- ESRD Network-Level Variation in Racial/Ethnic and Sex Disparities in Renal Transplant Waitlisting. Lead investigator Reem Hamoda, MPH, MD Candidate, Pritzker School of Medicine, University of Chicago presented that previous research has long identified racial/ethnic and sex disparities in access to placement on the kidney transplant waiting list; however, few studies have examined how race and gender interact.
“We found that compared to White men, white and Black women were 18-26 percent less likely to be placed on the waiting list for kidney transplantation even after accounting for relevant clinical and socioeconomic factors,” Hamoda said. “Additionally, we found these disparities varied considerably across the 18 end-stage renal disease (ESRD) Networks. While most Networks exhibited reduced access for women, some Networks exhibited a wider disparity for Black women compared to white women.”
These results illustrate the combined disadvantage that systemic racism and gender disparities play in reducing access to transplantation, a life-enhancing treatment option for patients with ESRD. Furthermore, the study results suggest that certain ESRD Networks may perform better than others at reducing these gaps.
“Improving access to kidney transplantation, the optimal treatment for patients with ESKD, requires an intersectional and regional approach that addresses systemic racism and gender disparities,” Hamoda said. “Despite the sobering nature of these results, we believe there is hope and opportunity. We want all patients with ESKD to ask their providers about transplant, advocate for themselves and partner with their health care team.”
The many poster presentations are available to the participants of the Spring Clinical Meetings. View the 2021 poster gallery.
NKF Spring Clinical Meetings
For the past 29 years, nephrology healthcare professionals from across the country have come to NKF’s Spring Clinical Meetings to learn about the newest developments related to all aspects of nephrology practice; network with colleagues; and present their research findings. The NKF Spring Clinical Meetings are designed for meaningful change in the multidisciplinary healthcare teams’ skills, performance, and patient health outcomes. It is the only conference of its kind that focuses on translating science into practice for the entire healthcare team. This year’s Spring Clinical Meetings will be held virtually April 6-10.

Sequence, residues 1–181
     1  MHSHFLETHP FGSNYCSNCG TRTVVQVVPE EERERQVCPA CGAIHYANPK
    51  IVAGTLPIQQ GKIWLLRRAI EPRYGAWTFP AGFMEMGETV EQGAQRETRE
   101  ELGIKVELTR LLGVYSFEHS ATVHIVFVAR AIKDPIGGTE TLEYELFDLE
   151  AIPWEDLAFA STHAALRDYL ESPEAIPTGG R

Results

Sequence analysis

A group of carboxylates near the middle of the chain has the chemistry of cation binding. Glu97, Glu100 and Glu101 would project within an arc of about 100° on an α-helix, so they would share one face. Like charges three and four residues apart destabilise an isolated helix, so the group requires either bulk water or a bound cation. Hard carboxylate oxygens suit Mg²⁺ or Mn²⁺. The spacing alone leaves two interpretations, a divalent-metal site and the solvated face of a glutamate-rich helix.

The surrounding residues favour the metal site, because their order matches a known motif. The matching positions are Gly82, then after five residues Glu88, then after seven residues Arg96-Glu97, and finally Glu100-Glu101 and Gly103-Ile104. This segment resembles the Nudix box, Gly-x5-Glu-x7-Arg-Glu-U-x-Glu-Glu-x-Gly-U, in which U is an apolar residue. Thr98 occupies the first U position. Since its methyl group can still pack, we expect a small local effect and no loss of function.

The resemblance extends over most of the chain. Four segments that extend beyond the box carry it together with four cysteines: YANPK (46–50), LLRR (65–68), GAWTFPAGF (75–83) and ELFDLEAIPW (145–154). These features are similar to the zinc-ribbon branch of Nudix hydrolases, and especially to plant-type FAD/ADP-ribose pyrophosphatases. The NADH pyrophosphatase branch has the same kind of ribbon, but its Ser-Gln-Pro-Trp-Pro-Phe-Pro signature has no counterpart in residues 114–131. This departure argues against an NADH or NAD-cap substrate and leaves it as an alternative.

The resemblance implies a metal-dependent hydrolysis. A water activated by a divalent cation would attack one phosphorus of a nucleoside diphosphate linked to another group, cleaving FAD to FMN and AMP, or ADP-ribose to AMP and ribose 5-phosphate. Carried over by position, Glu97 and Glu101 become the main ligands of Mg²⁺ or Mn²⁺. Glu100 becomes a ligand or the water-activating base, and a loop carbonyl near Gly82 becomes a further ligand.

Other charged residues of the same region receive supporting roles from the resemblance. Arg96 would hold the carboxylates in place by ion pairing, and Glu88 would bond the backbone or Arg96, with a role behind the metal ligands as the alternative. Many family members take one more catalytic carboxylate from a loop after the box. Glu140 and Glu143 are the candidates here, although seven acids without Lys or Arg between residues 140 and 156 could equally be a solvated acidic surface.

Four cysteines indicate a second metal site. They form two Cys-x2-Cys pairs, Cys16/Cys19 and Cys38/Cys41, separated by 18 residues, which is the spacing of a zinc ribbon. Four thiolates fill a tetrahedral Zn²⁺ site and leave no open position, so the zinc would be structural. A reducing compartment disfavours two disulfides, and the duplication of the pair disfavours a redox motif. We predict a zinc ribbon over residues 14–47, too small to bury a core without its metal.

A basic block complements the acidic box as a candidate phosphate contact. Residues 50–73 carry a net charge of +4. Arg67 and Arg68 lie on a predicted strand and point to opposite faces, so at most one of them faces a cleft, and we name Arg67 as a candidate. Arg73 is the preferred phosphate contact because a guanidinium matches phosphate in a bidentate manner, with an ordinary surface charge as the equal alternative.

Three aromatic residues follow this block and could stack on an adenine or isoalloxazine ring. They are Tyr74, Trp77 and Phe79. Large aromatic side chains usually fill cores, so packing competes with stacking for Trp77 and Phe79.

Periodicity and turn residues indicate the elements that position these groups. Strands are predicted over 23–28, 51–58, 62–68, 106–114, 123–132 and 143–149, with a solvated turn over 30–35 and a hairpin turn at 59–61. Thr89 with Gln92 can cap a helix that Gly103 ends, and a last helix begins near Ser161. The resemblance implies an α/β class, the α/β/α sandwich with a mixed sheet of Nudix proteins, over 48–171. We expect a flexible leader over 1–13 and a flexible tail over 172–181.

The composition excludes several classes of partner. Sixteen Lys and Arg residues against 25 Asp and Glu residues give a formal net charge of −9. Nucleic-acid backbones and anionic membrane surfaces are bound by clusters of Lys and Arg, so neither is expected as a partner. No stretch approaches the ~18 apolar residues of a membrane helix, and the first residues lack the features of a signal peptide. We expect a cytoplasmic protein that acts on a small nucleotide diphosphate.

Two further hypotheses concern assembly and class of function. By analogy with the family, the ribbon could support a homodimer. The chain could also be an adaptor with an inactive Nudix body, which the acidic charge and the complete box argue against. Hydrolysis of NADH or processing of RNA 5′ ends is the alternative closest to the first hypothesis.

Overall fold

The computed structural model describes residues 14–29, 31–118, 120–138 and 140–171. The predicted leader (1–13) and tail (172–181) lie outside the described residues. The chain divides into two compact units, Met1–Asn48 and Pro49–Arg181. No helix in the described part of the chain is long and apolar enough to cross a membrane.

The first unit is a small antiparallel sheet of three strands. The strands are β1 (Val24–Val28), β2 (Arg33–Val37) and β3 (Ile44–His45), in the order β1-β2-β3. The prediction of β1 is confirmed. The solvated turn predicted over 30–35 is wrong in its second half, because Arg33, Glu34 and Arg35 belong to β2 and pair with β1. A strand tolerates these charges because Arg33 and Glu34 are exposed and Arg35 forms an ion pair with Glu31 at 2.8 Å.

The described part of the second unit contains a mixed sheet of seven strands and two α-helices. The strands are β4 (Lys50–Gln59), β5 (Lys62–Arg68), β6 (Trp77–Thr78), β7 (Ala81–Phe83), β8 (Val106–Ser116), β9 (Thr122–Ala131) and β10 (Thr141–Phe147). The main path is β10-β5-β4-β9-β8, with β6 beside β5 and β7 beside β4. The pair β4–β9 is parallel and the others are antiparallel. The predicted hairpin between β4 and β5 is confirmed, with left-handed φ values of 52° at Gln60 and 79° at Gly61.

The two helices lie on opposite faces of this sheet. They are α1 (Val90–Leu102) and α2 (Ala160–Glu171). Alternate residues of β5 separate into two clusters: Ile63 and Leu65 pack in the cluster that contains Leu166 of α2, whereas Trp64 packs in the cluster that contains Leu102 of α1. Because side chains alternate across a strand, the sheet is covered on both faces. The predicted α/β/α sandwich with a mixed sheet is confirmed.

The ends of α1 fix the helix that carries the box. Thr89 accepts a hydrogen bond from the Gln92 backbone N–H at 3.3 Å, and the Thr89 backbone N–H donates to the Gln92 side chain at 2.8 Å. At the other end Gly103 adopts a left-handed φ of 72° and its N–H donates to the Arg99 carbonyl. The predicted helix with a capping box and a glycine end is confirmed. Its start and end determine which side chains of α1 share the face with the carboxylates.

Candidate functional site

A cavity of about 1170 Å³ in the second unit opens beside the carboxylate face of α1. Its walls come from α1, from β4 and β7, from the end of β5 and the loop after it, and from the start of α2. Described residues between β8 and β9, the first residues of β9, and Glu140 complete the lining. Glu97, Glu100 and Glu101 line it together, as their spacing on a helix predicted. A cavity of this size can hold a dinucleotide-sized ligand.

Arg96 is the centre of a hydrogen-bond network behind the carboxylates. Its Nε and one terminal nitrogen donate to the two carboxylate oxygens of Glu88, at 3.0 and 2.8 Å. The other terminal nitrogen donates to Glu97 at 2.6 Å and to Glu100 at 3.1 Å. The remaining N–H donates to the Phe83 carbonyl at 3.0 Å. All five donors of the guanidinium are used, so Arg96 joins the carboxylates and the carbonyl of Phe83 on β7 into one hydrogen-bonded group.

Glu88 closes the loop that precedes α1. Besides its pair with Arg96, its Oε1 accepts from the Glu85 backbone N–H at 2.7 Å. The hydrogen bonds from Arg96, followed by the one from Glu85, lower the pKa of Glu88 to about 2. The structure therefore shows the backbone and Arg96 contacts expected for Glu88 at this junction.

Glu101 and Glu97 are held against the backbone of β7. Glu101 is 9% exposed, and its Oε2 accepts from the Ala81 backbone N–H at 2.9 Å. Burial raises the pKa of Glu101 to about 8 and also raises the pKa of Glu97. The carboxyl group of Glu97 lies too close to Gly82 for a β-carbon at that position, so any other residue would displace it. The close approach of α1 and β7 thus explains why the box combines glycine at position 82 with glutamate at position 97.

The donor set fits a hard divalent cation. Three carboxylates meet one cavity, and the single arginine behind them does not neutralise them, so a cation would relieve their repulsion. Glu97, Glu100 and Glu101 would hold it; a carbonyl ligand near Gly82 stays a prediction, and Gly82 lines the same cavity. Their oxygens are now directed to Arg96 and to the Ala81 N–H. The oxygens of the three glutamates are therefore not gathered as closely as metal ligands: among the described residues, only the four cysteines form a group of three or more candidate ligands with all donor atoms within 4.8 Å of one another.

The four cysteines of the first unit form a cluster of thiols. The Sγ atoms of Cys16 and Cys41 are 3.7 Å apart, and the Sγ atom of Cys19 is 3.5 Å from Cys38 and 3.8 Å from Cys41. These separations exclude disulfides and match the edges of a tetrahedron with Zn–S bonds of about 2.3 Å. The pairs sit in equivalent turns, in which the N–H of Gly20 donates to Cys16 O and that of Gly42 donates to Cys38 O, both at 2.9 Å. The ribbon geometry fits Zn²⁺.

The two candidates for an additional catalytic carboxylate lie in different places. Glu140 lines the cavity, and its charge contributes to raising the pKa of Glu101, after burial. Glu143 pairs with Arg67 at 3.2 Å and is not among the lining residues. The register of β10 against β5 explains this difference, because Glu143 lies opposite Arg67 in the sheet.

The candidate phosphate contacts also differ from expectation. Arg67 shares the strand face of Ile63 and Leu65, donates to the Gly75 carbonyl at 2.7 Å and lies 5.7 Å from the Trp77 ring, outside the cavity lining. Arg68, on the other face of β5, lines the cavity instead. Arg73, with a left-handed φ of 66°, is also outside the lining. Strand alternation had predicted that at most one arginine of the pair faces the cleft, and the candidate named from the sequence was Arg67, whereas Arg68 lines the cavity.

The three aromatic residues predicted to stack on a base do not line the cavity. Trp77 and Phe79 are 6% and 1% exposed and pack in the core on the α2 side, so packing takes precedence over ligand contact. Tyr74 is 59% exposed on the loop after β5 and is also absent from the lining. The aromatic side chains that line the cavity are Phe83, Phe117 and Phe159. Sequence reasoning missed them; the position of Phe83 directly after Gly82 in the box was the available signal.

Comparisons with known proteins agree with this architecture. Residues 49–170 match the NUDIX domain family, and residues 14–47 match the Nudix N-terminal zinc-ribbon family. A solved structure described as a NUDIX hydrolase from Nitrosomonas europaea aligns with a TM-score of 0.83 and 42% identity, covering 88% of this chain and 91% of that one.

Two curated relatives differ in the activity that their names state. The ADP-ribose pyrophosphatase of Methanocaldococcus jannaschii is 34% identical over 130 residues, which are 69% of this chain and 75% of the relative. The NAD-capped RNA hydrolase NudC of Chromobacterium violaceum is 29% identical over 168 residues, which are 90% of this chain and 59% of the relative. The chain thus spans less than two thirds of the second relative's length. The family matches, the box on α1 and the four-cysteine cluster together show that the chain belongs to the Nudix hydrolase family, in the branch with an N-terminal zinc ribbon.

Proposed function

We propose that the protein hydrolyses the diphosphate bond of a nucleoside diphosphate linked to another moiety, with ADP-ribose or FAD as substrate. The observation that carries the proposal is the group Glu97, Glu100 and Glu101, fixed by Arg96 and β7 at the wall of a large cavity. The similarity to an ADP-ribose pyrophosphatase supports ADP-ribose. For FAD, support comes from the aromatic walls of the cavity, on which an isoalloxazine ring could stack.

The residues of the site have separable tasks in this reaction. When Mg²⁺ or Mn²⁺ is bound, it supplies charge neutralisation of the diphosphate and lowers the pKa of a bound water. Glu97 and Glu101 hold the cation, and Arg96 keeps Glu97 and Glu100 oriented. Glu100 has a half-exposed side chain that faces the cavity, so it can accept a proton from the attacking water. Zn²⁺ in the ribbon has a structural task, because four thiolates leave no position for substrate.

NKF Professional Membership
Healthcare professionals can join NKF to receive access to tools and resources for both patients and professionals, discounts on professional education, and access to a network of thousands of individuals who treat patients with kidney disease.
Kidney Disease Facts
In the United States, 37 million adults are estimated to have chronic kidney disease (CKD)—and approximately 90 percent don’t know they have it. 1 in 3 adults in the U.S. is at risk for chronic kidney disease. Risk factors for kidney disease include: diabetes, high blood pressure, heart disease, obesity, and family history. People who are Black or African American, Hispanic or Latino, American Indian or Alaska Native, Asian American, or Native Hawaiian or Other Pacific Islander are at increased risk for developing the disease. Black or African American people are almost 4 times more likely than Whites to have kidney failure. Hispanic or Latino people are 1.3 times more likely than non-Hispanic or non-Latino people to have kidney failure.
About the National Kidney Foundation
The National Kidney Foundation (NKF) is the largest, most comprehensive, and longstanding patient-centric organization dedicated to the awareness, prevention, and treatment of kidney disease in the U.S. For more information about NKF, visit www.kidney.org.
 Incidence of cardiovascular complications, heart failure, myocardial infarction and stroke were drawn from literature sources appropriate to the US population. Patients with anemia of CKD could die from cardiovascular complications or other causes.
 These statements are solely the responsibility of the authors and do not necessarily represent the official position of the Centers for Disease Control and Prevention or the Department of Health and Human Services.